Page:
Bridges of Ashtabula County LbNA # 25456
|Placed Date||Sep 10 2006|
|Found By||daughtersamany |
|Last Update||Oct 13 2012 |
Bridges of Ashtabula County
The annual Ashtabula County Covered Bridge Festival occurs on the second week-end in October each year. The Covered Bridge Committee schedules the festival at that time because the fall foliage of northeastern Ohio provides a gorgeous backdrop for the sixteen unique covered bridges in our county. But, winter, spring, summer or fall—these quaint bridges are always entertaining and well worth the trip. My letter box involves one of the covered bridges. You may obtain a free self-guided tour map by contacting The Covered Bridge Festival Committee at (440-576-3769) or by e-mail firstname.lastname@example.org. You just go on-line and get it right away.Click on the blue link above that says Bridges of Ashtabula County.
You'll need that information to find the right bridge.
Find the bridge which contains 97,000 feet of southern pine and oak, and was erected in 1983. A four-foot tall window extends the length of the bridge showing the Town-Lattice construction. This bridge spans a creek that is usually shallow enough for hiking. I often wear old tennis shoes and walk the riverbed. It’s so relaxing and great fun for all ages—my grandchildren and I love to play there. If you decide to give it a try, keep your eyes open for the abundant signs of nature. This “river” is nationally acclaimed for its steelhead fishing and you may even catch sight of a pair of Bald Eagles who nest nearby. They can sometimes be seen (and heard) hunting the creek or flying overhead.
Once you’ve explored the river and examined the bridge construction, follow the road out past the parking area. It’s smooth walking and traffic is very infrequent. As you amble along this lovely rural road, you will notice that a guard rail protects the bank on the right side. When the railing stops, you can see a small path that gives you entrance back down into the woods. Although this isn’t YOUR destination, if you follow it, you’ll come to a lovely waterfall area that feeds into the bigger Creek. Remember it for another trip or later in the day. There is a flat shale area at the top of the falls that is a wonderful picnic spot in summer! You may be tempted to slide down the smaller section of the falls. Great fun but be careful! It can be treacherous and you may get stuck at the bottom if you are alone.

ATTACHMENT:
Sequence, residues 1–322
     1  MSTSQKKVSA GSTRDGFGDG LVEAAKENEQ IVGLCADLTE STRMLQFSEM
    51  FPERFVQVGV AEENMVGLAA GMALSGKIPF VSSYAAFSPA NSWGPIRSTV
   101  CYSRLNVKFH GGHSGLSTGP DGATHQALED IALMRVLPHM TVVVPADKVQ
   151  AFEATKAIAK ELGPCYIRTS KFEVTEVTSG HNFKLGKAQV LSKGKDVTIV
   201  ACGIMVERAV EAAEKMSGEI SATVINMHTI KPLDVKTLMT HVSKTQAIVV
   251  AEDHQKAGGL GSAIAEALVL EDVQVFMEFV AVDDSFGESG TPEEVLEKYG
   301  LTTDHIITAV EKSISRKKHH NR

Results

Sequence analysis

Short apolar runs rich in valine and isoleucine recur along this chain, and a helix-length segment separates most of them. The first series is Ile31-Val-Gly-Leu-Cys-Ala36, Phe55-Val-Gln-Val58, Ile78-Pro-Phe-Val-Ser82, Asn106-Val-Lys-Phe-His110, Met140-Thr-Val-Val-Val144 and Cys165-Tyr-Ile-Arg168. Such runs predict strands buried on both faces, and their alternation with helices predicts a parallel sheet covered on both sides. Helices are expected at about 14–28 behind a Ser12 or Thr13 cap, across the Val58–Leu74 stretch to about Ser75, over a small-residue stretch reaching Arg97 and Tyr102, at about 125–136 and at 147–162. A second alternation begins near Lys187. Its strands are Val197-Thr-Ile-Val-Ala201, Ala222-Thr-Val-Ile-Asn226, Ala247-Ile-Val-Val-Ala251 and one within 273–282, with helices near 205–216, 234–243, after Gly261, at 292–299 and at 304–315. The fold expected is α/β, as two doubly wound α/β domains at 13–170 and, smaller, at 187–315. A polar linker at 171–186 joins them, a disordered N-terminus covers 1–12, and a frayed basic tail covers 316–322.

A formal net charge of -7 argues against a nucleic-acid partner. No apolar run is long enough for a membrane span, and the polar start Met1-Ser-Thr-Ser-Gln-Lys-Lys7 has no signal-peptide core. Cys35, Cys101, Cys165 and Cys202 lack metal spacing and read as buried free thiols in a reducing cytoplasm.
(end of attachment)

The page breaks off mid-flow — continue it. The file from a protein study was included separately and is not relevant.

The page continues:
But for now, continue down the winding road until you have traveled about .4 mile from the bridge. At that point, a road intersects from your right side while a wooded area flanks your left. You'll find a small opening in the woods which is almost directly across from the Stop sign. Aim for that and climb up the steep bank into the trees. It is a bit steep but I've left a green rope there which you can use to pull yourself up more easily. The property owners know that the box is there and they do not mind you coming to look for it. Now, although you couldn’t see it from the road, you’ll find a green colored house abandoned in a stand of pines right there. No one is living inside-- in fact, the entrance is boarded over. But, here’s the secret— you can gain access through the cellar door. My letterbox is just inside the door waiting for you to come. It's right inside-- you won't even need to go in-- just open the door and take the box out. Oh, and by the way, the first letterboxer to visit during the week-end of the covered bridge festival will win a prize. Will it be you?
For more information on the lovely bridges of Ashtabula County, visit their website at: www.coveredbridgefestival.org.